Undergraduate Course: Gender and Environment (STIS10012)
|School||School of Social and Political Science
||College||College of Humanities and Social Science
|Credit level (Normal year taken)||SCQF Level 10 (Year 3 Undergraduate)
||Availability||Available to all students
|Summary||How can we understand the relationship between gender and environment? How have others in the social sciences theorized gender, environment and their relationship, including recent trends in this area? Through topics such as climate change, resource creation and use, consumption, conservation and human population, this course will address the gender dimensions of environmental issues. The course introduces students to a number of theories, debates and concepts including from ecofeminism, feminist studies of science and technology, and standpoint theory. In doing so, we will examine how gender (masculinities/femininities) intersects with other social categorisations. The course addresses the relationship between the personal and the political, scholarship and activism.
This interdisciplinary course exposes students to key theories and concepts for understanding the relationship between gender and environment. Drawing on development studies, geography, science and technology studies, sociology and animal studies students will develop a critical understanding of scholarship and action regarding the symbolic and material dimensions of gender-environment relations.
The course structure follows the scales at which gender-environment relations are manifest: from objects, bodies, households and communities to social movements, nations and the global. Topics including Sports Utility Vehicles, human-animal relations, reproduction, climate change, fracking, and eco-technologies in the home will be used to explore bodies of thinking and writing in the area of gender and environment. Working with the notion of intersectionality we will identify the interconnections and interactions of social categorisations for a given environmental issue, thus avoiding man/woman binaries or simplistic explanations of domination and power. At the same time we will examine how, in specific contexts of environmental concerns, social categorisations such as masculine, human and natural are challenged, reproduced or remade.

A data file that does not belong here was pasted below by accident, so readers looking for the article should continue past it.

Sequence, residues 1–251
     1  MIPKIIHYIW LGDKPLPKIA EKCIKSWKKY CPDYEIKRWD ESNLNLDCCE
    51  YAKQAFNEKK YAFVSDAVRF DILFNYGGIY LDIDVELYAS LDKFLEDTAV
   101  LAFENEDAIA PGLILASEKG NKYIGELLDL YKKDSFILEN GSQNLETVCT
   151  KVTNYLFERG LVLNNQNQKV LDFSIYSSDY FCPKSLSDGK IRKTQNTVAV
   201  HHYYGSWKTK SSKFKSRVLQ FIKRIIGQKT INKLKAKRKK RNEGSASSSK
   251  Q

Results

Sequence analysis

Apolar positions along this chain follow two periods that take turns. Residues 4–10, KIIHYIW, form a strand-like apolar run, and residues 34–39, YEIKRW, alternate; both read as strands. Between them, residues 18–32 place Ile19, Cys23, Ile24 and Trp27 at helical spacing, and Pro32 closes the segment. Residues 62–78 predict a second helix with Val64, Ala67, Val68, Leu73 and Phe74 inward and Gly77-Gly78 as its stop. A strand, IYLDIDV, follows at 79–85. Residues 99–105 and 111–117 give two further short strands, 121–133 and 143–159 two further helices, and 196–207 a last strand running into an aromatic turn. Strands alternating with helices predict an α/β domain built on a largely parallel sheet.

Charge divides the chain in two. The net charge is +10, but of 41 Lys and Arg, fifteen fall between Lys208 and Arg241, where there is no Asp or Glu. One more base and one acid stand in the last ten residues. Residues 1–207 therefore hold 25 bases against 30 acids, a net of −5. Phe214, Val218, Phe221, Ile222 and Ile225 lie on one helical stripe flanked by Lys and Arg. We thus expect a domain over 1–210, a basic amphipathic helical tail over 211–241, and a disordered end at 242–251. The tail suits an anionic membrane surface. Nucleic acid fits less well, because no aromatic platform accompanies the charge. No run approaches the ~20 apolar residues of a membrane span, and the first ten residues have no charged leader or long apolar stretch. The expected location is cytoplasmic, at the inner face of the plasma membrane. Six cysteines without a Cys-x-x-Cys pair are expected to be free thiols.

At the end of the course, students will have a critical understanding of the changing theorising of gender-environment relations in the social sciences, including recent advances. Students will also have acquired knowledge of empirical examples and methodological tools for conducting gender-sensitive analysis of environmental issues.
For assessment, there are two elements. First, students are expected to identify an academic book relevant to gender and environment. Students will (i) write a 1000-word book review (30%). Second, there is a long 3000-word essay (70%).
While students will be encouraged to identify both a book to review and a title for the long-essay (with the help and approval of the course organiser), suggested book and essay titles will be listed in the course handbook.
Entry Requirements (not applicable to Visiting Students)
||Other requirements|| None
Information for Visiting Students
Course Delivery Information
|Academic year 2017/18, Available to all students (SV1)
|Learning and Teaching activities (Further Info)
Lecture Hours 10,
Seminar/Tutorial Hours 9,
Programme Level Learning and Teaching Hours 4,
Directed Learning and Independent Learning Hours
|Assessment (Further Info)
|Additional Information (Assessment)
||30% Book review (1000 words)«br /»
70% Long essay (3000 words)«br /»
||The book review provides formative feedback for the essay.
Book reviews will be returned with feedback within 15 working days of submission.
|No Exam Information
On completion of this course, the student will be able to:
- Engage critically with the work of feminist scholars, and evaluate their arguments for understanding gender-environment relations
- Assess competing claims and make informed judgments about the gender dimensions of current complex environmental issues
- Apply concepts and approaches used by scholars and practitioners in linking gender and environmental issues to a range of empirical cases
- Develop their ability to present - in written and verbal form -- coherent, balanced arguments surrounding gender-environment relations
|Buckingham, Susan (2000), Gender and Environment, London: Routledge.|
Gaard, Greta (2011) Ecofeminism Revisited: Rejecting Essentialism and Re-Placing Species in a Material Feminist Environmentalism, Feminist Formations, 23(2): 26¿53.
Haraway, Donna (2016) Staying with the Trouble : Making Kin in the Chthulucene, Durham: Duke University Press.
Kaijser, Anna and Kronsell, Annica (2014) Climate change
through the lens of intersectionality, Environmental Politics, 23(3): 417-433.
MacGregor, Sherilyn (2009) A stranger silence still: the need for feminist social research on climate change, The Sociological Review, 57: 124-140.
Plumwood, Val (2001) Environmental Culture: The Ecological Crisis of Reason, London: Routledge.
Sturgeon, Noël (1997) Ecofeminist Natures: Race, Gender, Feminist Theory and Political Action, London: Routledge.
|Graduate Attributes and Skills
|Course organiser||Dr Sarah Parry
Tel: (0131 6)50 6395
|Course secretary||Mr Alexander Dysart
Tel: (0131 6)51 5197